Oil prices are climbing and motorists are hurting. Although there seems to be little likelihood that those prices will drop anytime soon, motorists can take a variety of steps to improve the mileage of their vehicles and save themselves money.
They can start by simply slowing down. “In our tests we’ve found that driving faster on the highway can really take a bite out of a car’s fuel efficiency,” Consumer Reports, an American nonprofit organization that reviews and rates products, says in an article published on its Web site.
The organization calculated gas mileage while driving at three different speeds — 55, 65 and 75 miles per hour (mph) — in five vehicles. It observed that fuel economy dropped by four to eight miles per gallon (mpg) while speeding up from 55 to 65 mph. When the speed was increased to 75 mph, fuel efficiency was reduced by an additional five to seven mpg.
“Overall, speeding up from 55 mph to 75 is like moving from a compact car to a large SUV. Beyond fuel concerns, speeding is, of course, a safety risk as well,” Consumer Reports says.
It will also help to avoid hard acceleration and braking. The organization found that frequent bursts of acceleration and braking cut an old mid-size car’s mileage by two to three mpg.
It recommends maintaining a steady pace once up to speed on a highway. “Smooth acceleration and braking also extend the life of the engine, transmission, brakes, and tires,” it adds.
Car owners should know better than to leave their vehicles idling for prolonged periods. Not only does it waste fuel, it’s also harmful to the environment.
“Did you know that running your engine at idle actually consumes roughly half a gallon to about a gallon of fuel every hour, not to mention the carbon dioxide that your engine pumps into the atmosphere?… This means you’re burning about 1.067 to 2.13 ounces of fuel every minute that you are idle. This easily translates to about 10.67 ounces to 21.33 ounces for every 10 minutes of idling,” CarBibles.com, an automotive site, says.
The Union of Concerned Scientists (UCS), a USA-based nonprofit science organization, suggests not letting a vehicle idle for more than a minute. “During start-up, your engine burns a little extra gasoline. However, letting your engine idle for more than a minute burns more fuel than turning off the engine and restarting it,” it says.
Try not to put so much stuff on a vehicle’s roof. “Securing things on the roof increases aerodynamic drag, making the engine work harder and hurting fuel economy,” Consumer Reports says. When the organization tested a 2013 sedan at a steady 65 mph, the vehicle got 42 mpg without anything on its roof.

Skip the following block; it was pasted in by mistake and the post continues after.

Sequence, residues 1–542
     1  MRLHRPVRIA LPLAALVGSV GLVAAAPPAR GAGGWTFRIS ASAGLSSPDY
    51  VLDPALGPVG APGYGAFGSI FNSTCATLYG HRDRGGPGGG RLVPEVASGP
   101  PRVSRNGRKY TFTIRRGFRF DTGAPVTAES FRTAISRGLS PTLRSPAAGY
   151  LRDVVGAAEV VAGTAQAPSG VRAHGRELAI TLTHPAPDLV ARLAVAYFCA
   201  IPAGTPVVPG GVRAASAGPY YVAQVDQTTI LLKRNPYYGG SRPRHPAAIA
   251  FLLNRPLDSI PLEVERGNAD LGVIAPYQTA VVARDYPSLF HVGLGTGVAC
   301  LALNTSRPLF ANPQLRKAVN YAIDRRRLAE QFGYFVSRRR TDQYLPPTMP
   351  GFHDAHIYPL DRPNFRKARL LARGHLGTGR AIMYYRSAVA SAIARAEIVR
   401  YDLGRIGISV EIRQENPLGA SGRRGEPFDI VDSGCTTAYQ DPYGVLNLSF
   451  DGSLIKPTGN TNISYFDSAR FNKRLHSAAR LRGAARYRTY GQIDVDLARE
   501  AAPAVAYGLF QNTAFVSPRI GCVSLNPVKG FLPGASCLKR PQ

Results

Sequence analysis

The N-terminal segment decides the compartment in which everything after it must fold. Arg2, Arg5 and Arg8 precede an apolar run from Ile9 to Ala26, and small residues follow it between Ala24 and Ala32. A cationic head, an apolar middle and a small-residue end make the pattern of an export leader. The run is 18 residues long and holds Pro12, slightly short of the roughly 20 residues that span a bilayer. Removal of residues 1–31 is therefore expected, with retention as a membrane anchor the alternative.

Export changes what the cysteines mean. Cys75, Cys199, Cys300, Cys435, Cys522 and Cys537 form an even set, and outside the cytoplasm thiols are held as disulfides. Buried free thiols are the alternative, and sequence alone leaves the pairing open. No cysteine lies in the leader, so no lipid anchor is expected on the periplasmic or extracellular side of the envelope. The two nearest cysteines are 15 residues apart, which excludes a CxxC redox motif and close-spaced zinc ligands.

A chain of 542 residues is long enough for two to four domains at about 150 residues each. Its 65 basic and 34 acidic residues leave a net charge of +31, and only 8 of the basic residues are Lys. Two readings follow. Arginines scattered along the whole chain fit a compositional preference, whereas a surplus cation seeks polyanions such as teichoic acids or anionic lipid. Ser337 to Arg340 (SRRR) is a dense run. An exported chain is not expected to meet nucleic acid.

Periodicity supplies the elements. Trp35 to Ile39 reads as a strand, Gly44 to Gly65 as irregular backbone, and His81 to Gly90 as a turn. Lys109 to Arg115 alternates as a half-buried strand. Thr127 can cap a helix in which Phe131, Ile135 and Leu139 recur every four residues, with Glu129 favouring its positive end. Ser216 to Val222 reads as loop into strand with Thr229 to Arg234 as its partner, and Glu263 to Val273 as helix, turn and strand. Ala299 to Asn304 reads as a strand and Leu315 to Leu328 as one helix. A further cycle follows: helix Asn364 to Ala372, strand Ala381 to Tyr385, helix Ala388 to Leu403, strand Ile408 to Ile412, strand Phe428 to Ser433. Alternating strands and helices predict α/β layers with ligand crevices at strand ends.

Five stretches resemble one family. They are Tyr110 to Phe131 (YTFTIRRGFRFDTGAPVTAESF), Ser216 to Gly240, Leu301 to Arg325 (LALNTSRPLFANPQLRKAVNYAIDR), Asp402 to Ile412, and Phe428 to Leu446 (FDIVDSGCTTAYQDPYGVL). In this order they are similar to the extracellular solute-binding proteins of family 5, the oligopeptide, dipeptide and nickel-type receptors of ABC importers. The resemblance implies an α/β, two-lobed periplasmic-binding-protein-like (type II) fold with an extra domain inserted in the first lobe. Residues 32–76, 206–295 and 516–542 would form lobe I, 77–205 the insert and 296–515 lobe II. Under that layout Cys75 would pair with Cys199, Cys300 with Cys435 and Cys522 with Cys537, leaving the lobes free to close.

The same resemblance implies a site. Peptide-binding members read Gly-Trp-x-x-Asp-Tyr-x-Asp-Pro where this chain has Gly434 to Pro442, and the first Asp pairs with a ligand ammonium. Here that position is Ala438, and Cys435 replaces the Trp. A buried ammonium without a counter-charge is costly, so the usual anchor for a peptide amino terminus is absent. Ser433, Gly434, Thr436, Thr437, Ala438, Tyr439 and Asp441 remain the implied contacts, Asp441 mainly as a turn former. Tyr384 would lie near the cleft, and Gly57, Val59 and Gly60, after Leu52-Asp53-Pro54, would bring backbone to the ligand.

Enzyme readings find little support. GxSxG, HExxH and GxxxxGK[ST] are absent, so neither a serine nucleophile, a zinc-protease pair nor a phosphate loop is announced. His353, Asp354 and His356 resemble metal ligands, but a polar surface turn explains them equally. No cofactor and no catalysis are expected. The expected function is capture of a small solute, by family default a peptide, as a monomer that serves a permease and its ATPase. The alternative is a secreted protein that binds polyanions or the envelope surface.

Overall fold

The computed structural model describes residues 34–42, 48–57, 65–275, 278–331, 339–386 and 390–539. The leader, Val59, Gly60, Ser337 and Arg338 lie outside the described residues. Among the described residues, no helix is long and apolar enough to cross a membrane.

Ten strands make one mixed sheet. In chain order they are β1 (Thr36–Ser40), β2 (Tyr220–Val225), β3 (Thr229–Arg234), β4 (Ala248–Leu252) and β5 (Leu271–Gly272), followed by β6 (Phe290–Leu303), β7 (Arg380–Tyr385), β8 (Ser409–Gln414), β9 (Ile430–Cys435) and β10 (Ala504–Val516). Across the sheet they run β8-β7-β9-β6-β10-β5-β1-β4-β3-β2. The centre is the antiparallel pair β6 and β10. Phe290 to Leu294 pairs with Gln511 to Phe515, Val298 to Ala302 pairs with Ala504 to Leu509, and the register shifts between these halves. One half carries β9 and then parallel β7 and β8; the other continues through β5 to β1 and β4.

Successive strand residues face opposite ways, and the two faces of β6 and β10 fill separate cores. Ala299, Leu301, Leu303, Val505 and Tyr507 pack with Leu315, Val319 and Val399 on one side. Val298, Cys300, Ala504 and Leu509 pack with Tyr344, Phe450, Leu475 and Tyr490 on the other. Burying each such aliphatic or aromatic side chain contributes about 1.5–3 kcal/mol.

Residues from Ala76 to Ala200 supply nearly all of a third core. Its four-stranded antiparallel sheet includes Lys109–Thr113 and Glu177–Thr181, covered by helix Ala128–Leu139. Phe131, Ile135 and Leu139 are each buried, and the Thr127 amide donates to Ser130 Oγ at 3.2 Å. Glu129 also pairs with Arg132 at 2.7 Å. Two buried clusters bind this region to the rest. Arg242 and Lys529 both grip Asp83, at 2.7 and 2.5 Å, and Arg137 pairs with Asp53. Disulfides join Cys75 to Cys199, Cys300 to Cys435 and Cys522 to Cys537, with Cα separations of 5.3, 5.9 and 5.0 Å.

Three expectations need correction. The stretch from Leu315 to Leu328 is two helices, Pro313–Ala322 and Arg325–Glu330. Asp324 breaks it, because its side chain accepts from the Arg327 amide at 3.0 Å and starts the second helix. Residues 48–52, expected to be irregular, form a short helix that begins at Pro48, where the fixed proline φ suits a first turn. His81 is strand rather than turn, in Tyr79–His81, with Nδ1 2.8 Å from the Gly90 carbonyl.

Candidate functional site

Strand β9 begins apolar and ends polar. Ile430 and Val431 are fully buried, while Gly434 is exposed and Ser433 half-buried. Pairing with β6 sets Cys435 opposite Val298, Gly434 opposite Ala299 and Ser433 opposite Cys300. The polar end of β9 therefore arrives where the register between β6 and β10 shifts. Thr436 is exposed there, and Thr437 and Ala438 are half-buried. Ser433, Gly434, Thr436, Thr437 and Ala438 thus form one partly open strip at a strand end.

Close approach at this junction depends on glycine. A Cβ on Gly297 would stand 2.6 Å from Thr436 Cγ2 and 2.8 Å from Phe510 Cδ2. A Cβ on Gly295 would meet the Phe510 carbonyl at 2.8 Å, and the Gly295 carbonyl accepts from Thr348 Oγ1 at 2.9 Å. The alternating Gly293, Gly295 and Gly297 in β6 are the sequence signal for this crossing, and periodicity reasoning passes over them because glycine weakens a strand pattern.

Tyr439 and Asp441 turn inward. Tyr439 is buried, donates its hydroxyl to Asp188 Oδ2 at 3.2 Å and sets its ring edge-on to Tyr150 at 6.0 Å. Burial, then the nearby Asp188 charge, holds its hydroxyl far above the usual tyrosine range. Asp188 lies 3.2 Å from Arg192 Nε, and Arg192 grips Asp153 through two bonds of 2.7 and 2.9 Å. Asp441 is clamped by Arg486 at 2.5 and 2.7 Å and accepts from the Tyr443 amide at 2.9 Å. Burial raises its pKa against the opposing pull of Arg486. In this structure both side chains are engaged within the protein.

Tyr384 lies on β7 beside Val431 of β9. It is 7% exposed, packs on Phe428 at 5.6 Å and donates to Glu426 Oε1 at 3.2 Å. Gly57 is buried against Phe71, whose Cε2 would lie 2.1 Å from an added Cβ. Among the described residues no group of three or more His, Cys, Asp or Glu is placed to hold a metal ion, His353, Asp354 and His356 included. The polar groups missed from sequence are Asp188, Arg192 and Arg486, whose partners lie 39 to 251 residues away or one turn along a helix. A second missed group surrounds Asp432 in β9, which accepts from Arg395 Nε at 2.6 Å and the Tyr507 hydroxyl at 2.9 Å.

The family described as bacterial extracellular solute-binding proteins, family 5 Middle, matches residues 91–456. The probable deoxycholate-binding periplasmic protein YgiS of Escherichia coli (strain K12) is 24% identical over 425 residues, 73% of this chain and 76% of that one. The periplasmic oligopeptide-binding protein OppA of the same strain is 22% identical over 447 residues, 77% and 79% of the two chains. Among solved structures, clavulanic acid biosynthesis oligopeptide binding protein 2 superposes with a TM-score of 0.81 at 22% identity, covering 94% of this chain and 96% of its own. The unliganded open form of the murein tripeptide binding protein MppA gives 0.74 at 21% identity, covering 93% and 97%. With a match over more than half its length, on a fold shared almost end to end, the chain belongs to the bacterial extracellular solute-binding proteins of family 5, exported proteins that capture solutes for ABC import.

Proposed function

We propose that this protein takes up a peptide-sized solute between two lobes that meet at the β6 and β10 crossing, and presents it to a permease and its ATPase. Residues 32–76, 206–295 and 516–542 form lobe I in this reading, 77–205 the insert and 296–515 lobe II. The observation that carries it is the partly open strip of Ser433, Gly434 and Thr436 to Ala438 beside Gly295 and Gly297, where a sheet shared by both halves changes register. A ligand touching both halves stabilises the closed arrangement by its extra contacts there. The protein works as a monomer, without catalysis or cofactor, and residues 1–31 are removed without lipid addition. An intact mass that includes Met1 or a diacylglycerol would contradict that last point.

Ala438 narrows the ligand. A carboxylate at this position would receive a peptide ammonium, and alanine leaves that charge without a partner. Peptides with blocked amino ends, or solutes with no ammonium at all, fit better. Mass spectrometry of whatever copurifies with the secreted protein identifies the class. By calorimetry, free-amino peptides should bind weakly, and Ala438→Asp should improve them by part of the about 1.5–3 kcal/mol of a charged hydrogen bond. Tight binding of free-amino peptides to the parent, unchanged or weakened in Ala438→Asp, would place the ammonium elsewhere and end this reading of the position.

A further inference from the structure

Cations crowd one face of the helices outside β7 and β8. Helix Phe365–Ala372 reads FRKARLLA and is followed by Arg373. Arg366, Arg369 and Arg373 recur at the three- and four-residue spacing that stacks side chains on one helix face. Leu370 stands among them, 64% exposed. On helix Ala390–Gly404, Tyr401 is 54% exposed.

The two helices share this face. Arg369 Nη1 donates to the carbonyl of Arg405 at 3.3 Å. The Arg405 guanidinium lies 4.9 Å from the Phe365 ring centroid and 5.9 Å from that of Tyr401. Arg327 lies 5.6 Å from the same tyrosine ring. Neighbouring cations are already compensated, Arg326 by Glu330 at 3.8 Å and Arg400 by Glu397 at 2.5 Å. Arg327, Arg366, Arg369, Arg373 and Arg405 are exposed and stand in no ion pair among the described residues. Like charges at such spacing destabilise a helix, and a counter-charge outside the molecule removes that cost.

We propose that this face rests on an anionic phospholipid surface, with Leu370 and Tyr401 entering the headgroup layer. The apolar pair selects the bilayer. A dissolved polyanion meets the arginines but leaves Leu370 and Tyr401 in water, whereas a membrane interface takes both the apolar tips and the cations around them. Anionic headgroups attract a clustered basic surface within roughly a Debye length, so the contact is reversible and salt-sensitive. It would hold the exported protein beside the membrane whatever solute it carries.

“Adding an empty bike rack dropped the mileage by 5 mpg. A wind deflector reduced the wind noise but cut gas mileage to 35 mpg. And with two bikes on the rack, gas mileage dropped to 27 mpg, a whopping 15-mpg difference overall,” the organization says.
Whenever possible, turn off the air-conditioning and roll down the windows instead. Consumer Reports says that the harder the air-conditioning system has to work, the worse the impact on a vehicle’s fuel economy.
“In general, expect a drop from 1 to 4 mpg with the air-conditioning running. The effect of opening the windows at 65 mph was not measurable,” it adds.
Maintaining one’s vehicle can help a lot in increasing its fuel economy. According to HowStuffWorks, a commercial education Web site, making sure that a vehicle’s tires are set to recommended pressure can increase fuel economy by as much as 3.3%.
CarBibles.com explains that running on low tire pressure increases the rolling resistance of the tires on the ground surface. “This robs you of very precious fuel.” It advises vehicle owners to inflate the tires to their correct pressure even before rolling them out of the garage.
Switching to low-rolling resistance tires might be a good option. But Consumer Reports warns about replacing tires too early in an effort to chase the pennies those tires may save in fuel.
“It’s better to look first for a tire that provides good all-around performance in important safety areas such as braking, handling, and hydroplaning resistance. Then use its rolling resistance level as the tiebreaker,” it says.
HowStuffWorks also recommends replacing dirty air filter (which can save up to 10% on fuel costs), following a car manufacturer’s recommended maintenance schedule (up to 4.1% increase in fuel economy can be realized by doing this), and using the manufacturer’s specified motor oil and changing it per factory recommendations.
Switching from gasoline-guzzling cars to the more fuel-efficient ones should be a no-brainer, especially if one has the wherewithal to do so.
“If you are in the market for a new vehicle, choose the most fuel-efficient one that meets your needs. Thanks to strong new fuel economy standards, there are more efficient options in dealer showrooms than ever before, including steadily-increasing numbers of conventional gas-powered cars that achieve greater than 40 mpg,” UCS says.